Thank goodness for good engineers.
Especially those from the Middle Ages who built at least one section of the walls of David’s Citadel in Jerusalem’s Old City.
Apparently at least a 20-meter-long section of the huge monumental wall, which has become a well-known Jerusalem landmark, was not built on any foundation but on constructive fill – which in layman’s terms could loosely be described as a pile of construction dirt.
“What we thought we would find and what we found were two different things,” noted Eilat Lieber, director and chief curator of the museum. “We thought we would possibly find the continuation of the Hasmonean wall (as the foundation), but we found nothing.”
The surprising discovery was made last year during work being undertaken in the Western terrace area for the Tower of David Museum’s multi-phase renewal project. A new visitor’s center is planned there, snuggled in the area between the outer Old City Ottoman-period walls and the inner citadel wall which was once an Ottoman ramp, and used in modern times as a parking lot. The ramp was also built on top of construction fill.
“In this eastern section we excavated around this huge monumental wall, and we discovered that it was built without any foundation,” marveled Israel Antiquities Authority archaeologist Noam Silverberg, gazing at the exposed ancient wall now supported by a series of 17-meter deep “piles” – wrought iron tube-like metal constructions.
“Apparently the engineers knew what they were doing.”
Silverberg noted that some scholars have thought this was an Ottoman-era wall, but an Arabic inscription on the dedication-stone used for part of the construction of the wall invokes the name of Ayyubid ruler Sharaf ad-Din al-Mu’azzam Isa, the nephew of Saladin, and the year 1212 AD.
“This makes the wall older than we thought, dating back to at least the 13th century,” he said.
While it is not unheard of to find ancient walls built without foundations, Silverberg said, it was not the common form of construction. “There is construction like this in other places, but it is surprising to find,” he said.
Yaacov Schaffer, chief conservation engineer for the Tower of David building project from Schaffer and Ronen Engineering and Conservation – who formerly worked many years with the IAA – said ancient structures were normally built on top of one of three types of foundations: bedrock, an older wall, or a specially constructed foundation platform.
“In 40 years of work I have never seen a wall – not from the Hellenistic time, not from the Roman period, not from early Arab period, not from any period – that goes down to the earth without any foundation,” said Schaffer, whose firm is completing the new engineering work on the wall.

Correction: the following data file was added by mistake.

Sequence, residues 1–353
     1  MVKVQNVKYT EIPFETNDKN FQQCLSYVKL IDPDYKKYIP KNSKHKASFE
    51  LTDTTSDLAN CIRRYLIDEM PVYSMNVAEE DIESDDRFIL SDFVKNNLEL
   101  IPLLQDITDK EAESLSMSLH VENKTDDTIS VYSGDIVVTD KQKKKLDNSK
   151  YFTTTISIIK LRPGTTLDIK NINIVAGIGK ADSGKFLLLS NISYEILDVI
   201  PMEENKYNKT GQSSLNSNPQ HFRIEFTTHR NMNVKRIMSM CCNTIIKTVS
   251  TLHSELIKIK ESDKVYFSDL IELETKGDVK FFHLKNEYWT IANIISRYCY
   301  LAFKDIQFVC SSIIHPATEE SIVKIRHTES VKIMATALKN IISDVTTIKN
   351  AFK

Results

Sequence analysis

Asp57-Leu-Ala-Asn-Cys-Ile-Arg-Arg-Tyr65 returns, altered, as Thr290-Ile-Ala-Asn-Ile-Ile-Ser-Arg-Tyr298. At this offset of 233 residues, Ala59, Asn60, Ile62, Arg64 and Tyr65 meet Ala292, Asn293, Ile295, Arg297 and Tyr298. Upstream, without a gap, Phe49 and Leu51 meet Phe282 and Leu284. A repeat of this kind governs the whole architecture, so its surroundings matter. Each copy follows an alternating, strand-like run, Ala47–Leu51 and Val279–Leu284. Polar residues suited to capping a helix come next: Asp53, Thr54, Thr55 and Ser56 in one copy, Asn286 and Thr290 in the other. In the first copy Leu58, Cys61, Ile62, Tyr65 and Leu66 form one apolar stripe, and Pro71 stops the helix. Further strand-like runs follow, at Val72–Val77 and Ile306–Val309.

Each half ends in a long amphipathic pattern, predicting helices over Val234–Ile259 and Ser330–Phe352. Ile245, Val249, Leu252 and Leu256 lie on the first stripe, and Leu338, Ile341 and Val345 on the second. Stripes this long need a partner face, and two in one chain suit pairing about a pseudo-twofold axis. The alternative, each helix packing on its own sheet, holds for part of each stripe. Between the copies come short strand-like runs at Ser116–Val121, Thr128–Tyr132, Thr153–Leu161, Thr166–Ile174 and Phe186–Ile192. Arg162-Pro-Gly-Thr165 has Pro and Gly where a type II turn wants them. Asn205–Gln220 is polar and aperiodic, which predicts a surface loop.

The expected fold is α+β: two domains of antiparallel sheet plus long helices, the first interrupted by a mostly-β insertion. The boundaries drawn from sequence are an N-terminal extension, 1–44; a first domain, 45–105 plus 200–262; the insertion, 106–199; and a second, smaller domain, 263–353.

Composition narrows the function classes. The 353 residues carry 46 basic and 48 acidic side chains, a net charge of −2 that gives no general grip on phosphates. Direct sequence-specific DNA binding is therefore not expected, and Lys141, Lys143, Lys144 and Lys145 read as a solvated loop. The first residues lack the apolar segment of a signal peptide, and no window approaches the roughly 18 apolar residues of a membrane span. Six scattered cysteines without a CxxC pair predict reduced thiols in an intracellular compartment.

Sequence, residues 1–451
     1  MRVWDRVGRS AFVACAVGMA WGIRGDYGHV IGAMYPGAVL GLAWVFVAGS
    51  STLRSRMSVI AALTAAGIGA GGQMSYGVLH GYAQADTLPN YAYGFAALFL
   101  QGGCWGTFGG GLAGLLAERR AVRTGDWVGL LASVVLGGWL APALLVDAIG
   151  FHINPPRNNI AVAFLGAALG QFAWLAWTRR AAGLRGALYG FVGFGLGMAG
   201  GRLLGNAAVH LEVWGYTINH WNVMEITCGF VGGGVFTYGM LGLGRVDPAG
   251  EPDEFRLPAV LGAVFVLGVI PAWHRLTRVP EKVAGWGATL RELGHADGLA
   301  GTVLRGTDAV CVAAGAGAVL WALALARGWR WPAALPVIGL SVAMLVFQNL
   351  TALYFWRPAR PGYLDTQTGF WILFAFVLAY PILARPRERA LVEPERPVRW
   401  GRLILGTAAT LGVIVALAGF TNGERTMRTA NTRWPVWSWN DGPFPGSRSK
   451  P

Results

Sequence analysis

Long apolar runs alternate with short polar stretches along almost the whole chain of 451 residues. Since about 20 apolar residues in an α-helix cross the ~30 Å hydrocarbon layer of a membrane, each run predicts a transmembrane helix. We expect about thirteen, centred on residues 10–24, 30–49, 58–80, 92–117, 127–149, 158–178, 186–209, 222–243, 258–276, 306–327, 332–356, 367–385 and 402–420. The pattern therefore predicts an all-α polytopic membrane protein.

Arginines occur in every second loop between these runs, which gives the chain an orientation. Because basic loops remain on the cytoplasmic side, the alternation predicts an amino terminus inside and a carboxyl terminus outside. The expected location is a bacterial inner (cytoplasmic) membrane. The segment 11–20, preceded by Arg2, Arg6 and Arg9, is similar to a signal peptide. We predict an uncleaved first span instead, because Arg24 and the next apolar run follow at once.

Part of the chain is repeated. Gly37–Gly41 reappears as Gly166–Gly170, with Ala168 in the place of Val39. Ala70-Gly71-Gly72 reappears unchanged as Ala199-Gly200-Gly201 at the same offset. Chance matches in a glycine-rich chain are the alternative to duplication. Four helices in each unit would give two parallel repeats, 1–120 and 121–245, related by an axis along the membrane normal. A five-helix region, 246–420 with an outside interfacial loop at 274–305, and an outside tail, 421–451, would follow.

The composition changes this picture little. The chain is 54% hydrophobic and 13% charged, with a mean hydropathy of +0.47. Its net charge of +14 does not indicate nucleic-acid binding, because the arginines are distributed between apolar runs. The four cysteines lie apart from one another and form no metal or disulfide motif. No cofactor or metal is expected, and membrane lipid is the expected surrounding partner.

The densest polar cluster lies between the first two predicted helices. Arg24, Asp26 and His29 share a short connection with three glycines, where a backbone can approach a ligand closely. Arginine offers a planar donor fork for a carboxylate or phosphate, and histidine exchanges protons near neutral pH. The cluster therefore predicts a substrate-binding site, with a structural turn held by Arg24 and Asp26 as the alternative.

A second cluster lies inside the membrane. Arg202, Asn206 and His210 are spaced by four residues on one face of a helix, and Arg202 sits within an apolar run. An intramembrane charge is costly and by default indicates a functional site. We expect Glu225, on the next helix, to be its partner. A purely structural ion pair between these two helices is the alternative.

But engineeringly speaking, he said, what has maintained the wall standing all these centuries is “a wonder of engineering,” where his ancient colleagues correctly calculated the amount of earth they needed to pack around both sides of the base of the wall to provide the pressure to keep it stable.
“The vertical pressure on the wall is not a lot of kilograms per square centimeter, but underneath at the bottom of the wall for about a meter there was dirt behind and on both sides, which equilibrated the wall so there was no horizontal stress,” he said. “This is worth a doctorate, or at least a research paper.”
The topography had already been changed when the Ottomans built a ramp for when they thought they would need to bring in the latest 16th-century weapon – the canon – to defend the city again Napoleon’s forces, which never actually made it to Jerusalem.
When the recent excavation work began, the balance that had been created by the original engineers was lost, said Schaffer, and the system of 80 “piles” were built along the wall to provide support, which instead of cement were filled with bentonite, an absorbent swelling clay.
It was, noted Lieber, a very exciting archaeological challenge.
They also faced another challenge during the time the wall was being given its supportive element: that it not move, almost not at all. After consulting with experts in Portugal and Italy, special digitalized sensors connected to a mobile phone app were placed along the wall to monitor for movement. In addition to the engineers, Lieber also had the sensor app connected to her mobile phone.
Once, said Schaffer, some movement was detected by the sensors and everyone got very nervous. However in the end, it turned out that a construction tractor had moved one of the sensors causing it to go off.
Work on the foundations and the strengthening of the walls of the citadel as well as the Old City walls will be completed in about two weeks, as will the construction of the foundations for the new museum building.“I want to be able to sleep at night again,” said Leiber.
Reminded of the old legend about two Ottoman-era tombs just inside Jaffa Gate that are said to be those of Suleiman the Great’s engineers, who built the outer wall and were killed by the Ottoman ruler either because they did such a terrible job or because they did such a good job he didn’t want anyone else to employ them, Schaffer said he is ready to take full responsibility for his firm’s work.